As probably many other have, I’ve often wondered why in an age where information is so readily available and worldwide communication is so readily accessible, our society seems to be more and more divided each day.

There’s multiple reasons of course. Technology has made our nation, formerly with its own distinct regions with their own cultures, more homogenized for one. We have states with more people than some European countries, and look how different they are. But I digress.

The other night I was talking with a friend at a fraternal organization we both belong to. We were discussing the pomp and circumstance that occurs at certain times, and how we view it. I’ll preface this by saying I enjoy the organization and all it has to offer. However looking in the handbooks at how some seemingly mundane things are supposed to take place at first glance seems, well, almost cult-like. Being someone who isn’t big on ceremony, it seems kinda weird.

However I know it wasn’t always that way. Forty or fifty years ago, those “seemingly mundane” things I mentioned were a big deal to members. Members who really took those ceremonies and all the trappings very seriously. We’re a more cynical society these days, with more things to occupy our minds and entertain us. Decades ago your entertainment came from outside the home; certainly not from a computer you carried in your pocket. Organizations and the traditions that came with them were a lifeline between the individual and the community, and they were held in higher regard.

The conversation turned to other things, but then suddenly a thought occurred to me. Is it possible that, as we abandon those ceremonies and traditions, we are also abandoning a part of what it means to be us?

Think of it this way: Each family has their own traditions for special occasions, Christmas for example. As we grow up we partake in special ways of observing the holiday based on how our parents, grandparents, and so on did. When we become adults and go out into the world on our own, we more often than not continue those traditions without even thinking about it. We just do them because, well, we always did. To no longer observe those traditions over time is to separate ourselves from our family, whether it be intentional or not. In time, we lose a piece of who we are.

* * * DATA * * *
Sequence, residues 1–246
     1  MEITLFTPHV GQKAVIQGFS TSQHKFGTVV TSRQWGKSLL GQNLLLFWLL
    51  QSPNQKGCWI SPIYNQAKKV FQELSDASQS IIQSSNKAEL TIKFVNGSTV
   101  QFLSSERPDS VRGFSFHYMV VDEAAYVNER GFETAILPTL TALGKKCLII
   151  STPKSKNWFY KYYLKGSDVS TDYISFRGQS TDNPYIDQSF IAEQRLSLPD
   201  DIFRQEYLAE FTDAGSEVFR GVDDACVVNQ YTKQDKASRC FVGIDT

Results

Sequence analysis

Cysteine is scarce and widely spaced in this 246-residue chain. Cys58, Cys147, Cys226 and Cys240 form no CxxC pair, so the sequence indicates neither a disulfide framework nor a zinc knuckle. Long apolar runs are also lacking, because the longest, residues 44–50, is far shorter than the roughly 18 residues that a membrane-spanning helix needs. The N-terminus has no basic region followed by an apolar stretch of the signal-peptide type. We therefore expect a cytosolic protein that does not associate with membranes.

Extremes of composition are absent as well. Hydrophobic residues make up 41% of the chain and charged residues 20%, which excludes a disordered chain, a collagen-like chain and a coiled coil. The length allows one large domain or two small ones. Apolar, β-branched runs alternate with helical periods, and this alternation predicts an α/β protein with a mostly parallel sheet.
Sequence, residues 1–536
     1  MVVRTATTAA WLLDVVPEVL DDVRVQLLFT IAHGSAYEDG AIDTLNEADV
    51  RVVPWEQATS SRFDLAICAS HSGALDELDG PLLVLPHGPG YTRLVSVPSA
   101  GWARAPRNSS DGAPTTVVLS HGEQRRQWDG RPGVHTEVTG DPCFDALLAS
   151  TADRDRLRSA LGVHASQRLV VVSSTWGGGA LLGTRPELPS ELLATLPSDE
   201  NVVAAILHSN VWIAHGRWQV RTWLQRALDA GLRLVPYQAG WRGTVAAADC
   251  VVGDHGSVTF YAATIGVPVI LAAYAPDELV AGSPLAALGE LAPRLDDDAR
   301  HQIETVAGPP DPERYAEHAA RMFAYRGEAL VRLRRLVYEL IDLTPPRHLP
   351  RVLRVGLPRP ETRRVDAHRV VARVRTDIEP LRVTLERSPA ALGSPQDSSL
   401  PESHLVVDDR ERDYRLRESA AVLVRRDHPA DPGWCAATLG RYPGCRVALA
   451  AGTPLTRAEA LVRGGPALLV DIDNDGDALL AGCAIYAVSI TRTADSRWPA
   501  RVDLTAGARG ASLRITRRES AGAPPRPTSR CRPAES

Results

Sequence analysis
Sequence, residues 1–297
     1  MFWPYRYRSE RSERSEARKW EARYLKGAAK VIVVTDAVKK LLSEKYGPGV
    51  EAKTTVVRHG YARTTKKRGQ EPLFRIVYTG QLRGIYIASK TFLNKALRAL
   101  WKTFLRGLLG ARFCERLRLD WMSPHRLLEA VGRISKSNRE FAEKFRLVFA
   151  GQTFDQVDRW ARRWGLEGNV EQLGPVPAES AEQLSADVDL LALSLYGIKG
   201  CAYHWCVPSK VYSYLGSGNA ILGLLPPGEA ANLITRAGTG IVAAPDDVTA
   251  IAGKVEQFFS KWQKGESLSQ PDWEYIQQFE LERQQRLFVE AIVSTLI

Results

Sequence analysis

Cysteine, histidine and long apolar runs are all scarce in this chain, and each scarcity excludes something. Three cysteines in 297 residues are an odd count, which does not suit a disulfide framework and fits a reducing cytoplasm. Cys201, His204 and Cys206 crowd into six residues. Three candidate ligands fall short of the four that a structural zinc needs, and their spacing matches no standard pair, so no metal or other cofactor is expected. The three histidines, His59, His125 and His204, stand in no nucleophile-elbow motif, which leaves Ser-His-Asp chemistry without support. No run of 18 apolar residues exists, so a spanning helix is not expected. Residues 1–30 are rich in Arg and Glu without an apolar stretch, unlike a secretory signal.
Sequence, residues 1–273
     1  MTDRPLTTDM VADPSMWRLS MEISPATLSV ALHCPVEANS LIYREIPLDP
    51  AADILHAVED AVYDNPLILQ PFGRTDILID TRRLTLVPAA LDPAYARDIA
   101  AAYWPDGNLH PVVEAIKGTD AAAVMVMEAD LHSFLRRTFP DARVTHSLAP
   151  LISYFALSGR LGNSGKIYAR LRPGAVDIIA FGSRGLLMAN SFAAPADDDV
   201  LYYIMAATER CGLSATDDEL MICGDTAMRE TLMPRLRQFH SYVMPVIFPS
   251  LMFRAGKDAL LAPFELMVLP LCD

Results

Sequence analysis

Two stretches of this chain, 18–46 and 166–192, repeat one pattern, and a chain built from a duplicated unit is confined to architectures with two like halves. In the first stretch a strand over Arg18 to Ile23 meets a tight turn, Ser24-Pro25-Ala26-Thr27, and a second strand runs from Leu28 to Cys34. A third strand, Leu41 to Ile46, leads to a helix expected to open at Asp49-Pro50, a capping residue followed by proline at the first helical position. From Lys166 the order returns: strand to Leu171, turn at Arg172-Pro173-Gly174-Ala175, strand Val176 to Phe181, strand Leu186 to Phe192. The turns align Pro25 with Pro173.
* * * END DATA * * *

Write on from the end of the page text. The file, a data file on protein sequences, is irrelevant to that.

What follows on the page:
I’d say it’s the same for the sense of community. As technology, ( computers, social media, cheap transportation ) has made the world community smaller, it’s all but erased the individual’s need for the “micro-community”, the church, volunteer fire department, or any one of countless fraternal organizations. What’s left is not much more than illusion, an easily manipulated “social experience” lacking in any real sense of meaningful gratification or worth. No wonder we’re so depressed and isolated.

So it occurs to me that we as individuals need to examine our hesitation at traditions and ceremony that might seem kinda lame. As much as we wouldn’t dream of shunning family traditions, we should remember that beneath the surface of those hokey ceremonies lies decades of tradition with actual meaning.